SGA campaign marred by removed signs
The ETSU Student Government Association Election Commission has ruled that evidence connecting a ticket with two students who removed the opposing ticket's signs is inconclusive.
The election commission met to determine if there was enough evidence to connect the Kevin Carlson, Alicyn York and Ben Schaller ticket with the individuals responsible for removing the campaign materials of the Doretha Benn, Zack Sholes and Taylor Dunn ticket.
According to a police report, charges are pending for two students who were observed removing signs by the Department of Public Safety April 11.
One of the students told Public Safety Officer Rodney Williams that the person who "put her up to it" was Ben Schaller, who is running for the executive branch secretary for the KAB ticket, the police report said. The election commission, however, found no proof that there was a connection between the KAB campaign and the student caught removing the sign.
"Due to the open investigation by campus police, we cannot enforce any punishment due to lack of evidence," a written statement documenting the ruling of the election committee read. "The individuals caught are not members of KAB's campaign volunteers so we cannot prove any affiliation with KAB, and the signs were returned so DZT will not be affected in their promotions."
This investigation was ignited after two students were caught removing DZT signs in the Centennial Hall area of campus on the night of April 11.
The signs were returned to Doretha Benn, the presidential candidate for the DZT ticket, who was present on the scene.
A total of 13 signs were recovered, which Doretha said cost about $100.
After hearing the one student's claim of being affiliated with Schaller, Public Safety questioned Schaller, who denied any association with the sign removal.
"They were not officially affiliated nor endorsed by us," said Kevin Carlson, the presidential candidate for the KAB ticket.
Benn said that she was frustrated by the election commission's ruling in the matter of the removed signs.
"The election committee said evidence was inconclusive," Benn said. "They did absolutely nothing about it."
The fact that the DZT candidates paid for the campaign signs themselves added to her frustration.
"I am deeply saddened by it," Benn said. "It really hurts. We paid for this ourselves; it came right out of our pockets."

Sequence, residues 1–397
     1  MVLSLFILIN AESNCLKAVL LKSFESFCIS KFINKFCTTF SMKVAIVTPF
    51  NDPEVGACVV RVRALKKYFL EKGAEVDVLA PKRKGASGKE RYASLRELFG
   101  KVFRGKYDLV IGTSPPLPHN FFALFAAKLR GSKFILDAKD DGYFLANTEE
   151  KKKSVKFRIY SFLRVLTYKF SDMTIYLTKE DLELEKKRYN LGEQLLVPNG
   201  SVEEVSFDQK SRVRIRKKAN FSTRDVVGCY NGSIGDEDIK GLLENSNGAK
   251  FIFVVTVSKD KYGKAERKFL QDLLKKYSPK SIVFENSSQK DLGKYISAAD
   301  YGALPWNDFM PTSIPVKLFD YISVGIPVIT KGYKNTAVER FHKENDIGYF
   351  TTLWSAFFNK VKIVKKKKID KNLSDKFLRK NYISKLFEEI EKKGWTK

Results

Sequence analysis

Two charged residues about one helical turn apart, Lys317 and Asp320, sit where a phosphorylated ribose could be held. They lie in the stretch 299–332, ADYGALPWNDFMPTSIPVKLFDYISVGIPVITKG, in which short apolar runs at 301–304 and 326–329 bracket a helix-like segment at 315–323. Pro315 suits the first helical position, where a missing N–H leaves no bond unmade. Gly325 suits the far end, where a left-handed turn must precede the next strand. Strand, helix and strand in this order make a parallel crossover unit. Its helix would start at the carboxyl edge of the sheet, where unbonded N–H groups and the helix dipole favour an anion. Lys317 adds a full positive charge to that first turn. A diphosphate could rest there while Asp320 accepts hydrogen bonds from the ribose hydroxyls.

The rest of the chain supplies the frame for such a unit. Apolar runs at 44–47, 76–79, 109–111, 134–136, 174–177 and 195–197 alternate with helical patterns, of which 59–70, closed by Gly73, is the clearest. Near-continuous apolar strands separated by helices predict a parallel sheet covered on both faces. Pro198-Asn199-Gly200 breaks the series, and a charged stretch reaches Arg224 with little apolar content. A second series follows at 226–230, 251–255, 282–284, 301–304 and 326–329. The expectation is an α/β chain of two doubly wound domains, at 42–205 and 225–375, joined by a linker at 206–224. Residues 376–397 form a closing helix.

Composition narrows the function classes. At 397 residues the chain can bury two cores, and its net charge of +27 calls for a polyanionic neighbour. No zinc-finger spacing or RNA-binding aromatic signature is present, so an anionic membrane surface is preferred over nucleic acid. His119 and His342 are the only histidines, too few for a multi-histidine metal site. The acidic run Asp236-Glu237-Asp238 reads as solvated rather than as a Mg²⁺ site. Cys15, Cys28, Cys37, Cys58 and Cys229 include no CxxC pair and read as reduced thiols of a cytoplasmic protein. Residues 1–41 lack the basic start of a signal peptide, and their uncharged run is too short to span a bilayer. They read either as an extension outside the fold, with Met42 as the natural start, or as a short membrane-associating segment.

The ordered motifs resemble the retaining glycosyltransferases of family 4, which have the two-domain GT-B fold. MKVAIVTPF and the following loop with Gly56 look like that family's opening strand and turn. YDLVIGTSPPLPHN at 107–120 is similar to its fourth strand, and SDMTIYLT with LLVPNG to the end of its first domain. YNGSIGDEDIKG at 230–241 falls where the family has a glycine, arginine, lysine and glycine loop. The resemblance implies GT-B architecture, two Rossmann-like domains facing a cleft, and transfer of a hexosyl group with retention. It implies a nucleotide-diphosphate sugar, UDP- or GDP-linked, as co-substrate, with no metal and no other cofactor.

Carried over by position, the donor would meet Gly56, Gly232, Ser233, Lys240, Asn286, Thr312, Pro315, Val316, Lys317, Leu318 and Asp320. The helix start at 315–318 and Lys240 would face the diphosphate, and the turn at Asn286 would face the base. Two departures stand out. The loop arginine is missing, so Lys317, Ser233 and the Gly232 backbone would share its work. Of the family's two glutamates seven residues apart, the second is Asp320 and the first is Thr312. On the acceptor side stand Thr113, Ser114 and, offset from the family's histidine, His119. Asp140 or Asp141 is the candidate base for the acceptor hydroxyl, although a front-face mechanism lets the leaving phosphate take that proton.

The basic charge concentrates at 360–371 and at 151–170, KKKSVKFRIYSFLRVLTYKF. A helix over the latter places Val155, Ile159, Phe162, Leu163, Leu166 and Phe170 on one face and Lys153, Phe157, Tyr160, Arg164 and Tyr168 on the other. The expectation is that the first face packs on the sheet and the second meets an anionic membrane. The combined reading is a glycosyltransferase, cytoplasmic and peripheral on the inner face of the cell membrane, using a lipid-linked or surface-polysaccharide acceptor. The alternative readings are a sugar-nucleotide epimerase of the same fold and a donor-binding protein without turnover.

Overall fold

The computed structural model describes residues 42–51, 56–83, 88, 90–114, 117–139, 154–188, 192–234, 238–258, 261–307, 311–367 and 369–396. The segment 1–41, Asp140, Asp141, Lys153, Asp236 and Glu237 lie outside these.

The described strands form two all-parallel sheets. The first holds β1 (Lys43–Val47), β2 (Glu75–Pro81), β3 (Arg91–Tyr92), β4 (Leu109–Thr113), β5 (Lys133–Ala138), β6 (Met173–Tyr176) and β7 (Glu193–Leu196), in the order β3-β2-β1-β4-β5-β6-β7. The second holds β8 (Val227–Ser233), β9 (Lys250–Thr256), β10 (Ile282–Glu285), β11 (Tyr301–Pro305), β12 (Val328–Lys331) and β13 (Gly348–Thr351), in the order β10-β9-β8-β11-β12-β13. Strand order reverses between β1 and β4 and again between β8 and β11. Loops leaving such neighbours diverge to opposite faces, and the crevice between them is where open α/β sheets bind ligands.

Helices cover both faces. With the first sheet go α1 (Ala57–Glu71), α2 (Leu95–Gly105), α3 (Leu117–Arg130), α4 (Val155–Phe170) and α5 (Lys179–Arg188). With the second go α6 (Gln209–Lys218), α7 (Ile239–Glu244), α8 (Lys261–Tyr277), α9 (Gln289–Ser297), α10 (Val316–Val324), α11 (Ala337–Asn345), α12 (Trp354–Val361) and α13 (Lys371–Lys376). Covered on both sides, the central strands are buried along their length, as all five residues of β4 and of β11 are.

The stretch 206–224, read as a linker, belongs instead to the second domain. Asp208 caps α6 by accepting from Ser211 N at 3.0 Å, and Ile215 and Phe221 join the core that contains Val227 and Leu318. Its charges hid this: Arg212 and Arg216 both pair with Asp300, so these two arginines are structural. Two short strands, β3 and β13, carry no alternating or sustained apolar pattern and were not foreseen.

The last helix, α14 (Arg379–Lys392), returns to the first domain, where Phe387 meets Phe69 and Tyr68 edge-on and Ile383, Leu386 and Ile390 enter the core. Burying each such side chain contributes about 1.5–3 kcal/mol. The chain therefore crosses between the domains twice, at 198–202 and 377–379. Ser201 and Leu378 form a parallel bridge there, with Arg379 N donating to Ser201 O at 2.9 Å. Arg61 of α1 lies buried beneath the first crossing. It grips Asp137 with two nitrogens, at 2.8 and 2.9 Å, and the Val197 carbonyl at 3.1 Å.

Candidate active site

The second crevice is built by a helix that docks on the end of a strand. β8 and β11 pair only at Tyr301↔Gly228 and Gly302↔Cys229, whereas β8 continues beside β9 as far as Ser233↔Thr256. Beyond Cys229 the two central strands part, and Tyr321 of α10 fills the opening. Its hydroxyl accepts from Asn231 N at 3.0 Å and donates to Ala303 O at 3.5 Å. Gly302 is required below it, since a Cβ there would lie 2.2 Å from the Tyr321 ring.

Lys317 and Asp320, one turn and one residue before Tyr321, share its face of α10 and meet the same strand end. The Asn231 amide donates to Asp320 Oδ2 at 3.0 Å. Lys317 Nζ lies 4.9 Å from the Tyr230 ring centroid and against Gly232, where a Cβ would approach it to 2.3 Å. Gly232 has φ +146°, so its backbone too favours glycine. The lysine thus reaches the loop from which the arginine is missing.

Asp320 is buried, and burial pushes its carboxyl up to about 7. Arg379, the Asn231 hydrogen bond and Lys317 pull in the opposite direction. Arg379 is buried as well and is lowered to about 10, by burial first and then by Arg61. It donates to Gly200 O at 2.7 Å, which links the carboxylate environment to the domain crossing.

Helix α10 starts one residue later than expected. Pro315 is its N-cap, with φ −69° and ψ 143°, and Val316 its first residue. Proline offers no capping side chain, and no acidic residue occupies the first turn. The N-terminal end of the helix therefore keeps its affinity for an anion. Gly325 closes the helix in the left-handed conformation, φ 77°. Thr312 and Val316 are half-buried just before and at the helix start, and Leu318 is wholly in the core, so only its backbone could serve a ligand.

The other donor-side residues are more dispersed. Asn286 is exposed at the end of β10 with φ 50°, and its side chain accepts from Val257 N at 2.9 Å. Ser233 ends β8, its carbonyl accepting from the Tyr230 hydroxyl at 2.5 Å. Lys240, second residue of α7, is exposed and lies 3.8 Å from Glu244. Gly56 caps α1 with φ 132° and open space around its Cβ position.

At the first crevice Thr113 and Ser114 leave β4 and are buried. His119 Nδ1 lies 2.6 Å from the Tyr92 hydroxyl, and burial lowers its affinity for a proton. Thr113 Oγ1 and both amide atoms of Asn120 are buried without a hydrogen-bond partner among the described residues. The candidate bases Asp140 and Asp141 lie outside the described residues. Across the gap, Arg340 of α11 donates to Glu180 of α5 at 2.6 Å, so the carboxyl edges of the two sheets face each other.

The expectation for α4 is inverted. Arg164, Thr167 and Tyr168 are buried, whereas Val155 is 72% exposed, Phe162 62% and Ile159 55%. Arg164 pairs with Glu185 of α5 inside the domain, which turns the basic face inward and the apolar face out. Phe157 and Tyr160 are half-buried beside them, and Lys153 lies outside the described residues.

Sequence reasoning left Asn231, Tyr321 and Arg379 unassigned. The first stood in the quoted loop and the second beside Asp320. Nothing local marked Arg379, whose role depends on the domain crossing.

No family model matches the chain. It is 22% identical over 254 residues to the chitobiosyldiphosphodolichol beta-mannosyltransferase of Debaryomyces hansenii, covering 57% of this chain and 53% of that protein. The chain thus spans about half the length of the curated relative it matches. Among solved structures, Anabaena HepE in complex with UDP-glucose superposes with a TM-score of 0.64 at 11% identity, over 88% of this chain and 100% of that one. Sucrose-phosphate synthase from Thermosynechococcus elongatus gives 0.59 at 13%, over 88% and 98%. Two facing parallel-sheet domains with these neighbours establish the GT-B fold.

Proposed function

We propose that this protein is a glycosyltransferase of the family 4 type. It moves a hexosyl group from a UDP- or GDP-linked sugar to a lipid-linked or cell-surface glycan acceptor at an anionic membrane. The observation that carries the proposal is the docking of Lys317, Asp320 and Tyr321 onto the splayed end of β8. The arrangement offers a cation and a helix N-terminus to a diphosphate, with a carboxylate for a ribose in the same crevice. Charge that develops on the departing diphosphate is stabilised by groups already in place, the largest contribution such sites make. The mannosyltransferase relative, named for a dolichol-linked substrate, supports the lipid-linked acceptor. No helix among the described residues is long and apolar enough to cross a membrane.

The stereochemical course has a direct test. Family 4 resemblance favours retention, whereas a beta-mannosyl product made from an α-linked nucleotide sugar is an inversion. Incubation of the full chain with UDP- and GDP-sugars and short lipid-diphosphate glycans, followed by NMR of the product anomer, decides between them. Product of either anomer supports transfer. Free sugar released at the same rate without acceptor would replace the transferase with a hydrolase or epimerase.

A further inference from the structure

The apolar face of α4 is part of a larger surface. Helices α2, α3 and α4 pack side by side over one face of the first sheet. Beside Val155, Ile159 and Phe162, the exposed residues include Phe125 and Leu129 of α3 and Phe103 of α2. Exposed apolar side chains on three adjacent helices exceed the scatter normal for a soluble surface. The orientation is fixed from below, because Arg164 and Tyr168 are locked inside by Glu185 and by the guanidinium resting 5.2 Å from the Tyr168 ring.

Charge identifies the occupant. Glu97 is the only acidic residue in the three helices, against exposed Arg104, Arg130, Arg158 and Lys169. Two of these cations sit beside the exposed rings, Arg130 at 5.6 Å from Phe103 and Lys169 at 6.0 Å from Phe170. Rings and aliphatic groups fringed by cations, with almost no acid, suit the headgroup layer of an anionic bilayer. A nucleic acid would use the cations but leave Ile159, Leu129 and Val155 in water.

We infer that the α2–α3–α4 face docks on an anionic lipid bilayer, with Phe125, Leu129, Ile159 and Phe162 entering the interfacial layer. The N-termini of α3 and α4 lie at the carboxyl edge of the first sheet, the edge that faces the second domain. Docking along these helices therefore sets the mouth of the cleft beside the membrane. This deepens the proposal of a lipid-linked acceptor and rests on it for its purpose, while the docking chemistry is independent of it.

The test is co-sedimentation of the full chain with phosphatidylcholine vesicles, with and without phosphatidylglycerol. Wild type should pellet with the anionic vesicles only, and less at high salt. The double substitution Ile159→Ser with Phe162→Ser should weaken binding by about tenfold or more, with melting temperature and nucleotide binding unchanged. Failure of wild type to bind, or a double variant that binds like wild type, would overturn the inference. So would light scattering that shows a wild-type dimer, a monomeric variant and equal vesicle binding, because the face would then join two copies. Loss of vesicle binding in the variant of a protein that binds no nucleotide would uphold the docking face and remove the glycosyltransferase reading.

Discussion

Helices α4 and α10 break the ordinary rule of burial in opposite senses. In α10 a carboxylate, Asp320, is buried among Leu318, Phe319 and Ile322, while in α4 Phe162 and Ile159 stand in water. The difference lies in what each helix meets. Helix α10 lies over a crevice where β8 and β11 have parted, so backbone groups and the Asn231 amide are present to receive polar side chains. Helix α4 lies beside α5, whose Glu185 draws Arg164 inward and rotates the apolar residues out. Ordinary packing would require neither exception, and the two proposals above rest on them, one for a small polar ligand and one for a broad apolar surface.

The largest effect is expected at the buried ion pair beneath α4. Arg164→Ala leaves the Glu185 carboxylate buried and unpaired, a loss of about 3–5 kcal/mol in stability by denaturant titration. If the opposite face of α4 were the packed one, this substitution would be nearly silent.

Schaller said that the suspects who removed the signs were people who used to live next door to him in his residence hall and were quite excited to learn that he was running for secretary of SGA.
"A lot of people were supporting us, but not on our commission," Schaller said.
"They were putting stickers on things that they weren't supposed to, they were obviously taking up signs, and wanting, I guess, in their twisted way to help. But they were never offered or asked to help on behalf of us."
KAB maintains that while these individuals may have removed the signs, they were not connected to their ticket.
"Those people pulled the signs; there's no question about that," Carlson said. "But they were in no way endorsed, affiliated or bribed by us.
"We had no connection to them, they chose of their own volition to engage in criminal activity that we did not endorse."
Carlson said that he actively worked with DZT after the incident to straighten out the ordeal.
"I was in contact with DZT the night this happened, and I encouraged them to press charges against the individuals involved to demonstrate that we do not stand for this," Carlson said. "We pushed for charges to be pressed against those individuals because we are not related to them. I think that this incident is telling because the other team chose to file what they knew and what we told them were false allegations in terms of our affiliation.
"We told the other ticket right off the bat that we do not endorse these people, and that we support legal action against them. So I think that our integrity has been demonstrated right from the very beginning, and we intend to maintain that."
Moving forward, both tickets agree on one thing: clean, above-board campaigns are a must for the future.
"We're still going to run a clean campaign," Benn said. "This is a setback; I didn't think anyone would stoop this low. We're going to keep doing what we've been doing, though; we're not going to fight fire with fire."
Carlson said that KAB is also dedicated to running a clean campaign, as well as working with DZT to prevent further incidents like this one.
"In terms of moving forward, I think that we intend to continue collaborating with DZT to ensure that this kind of thing does not happen again, and I think that we stand united as two tickets against criminal activity in this campaign," Carlson said.
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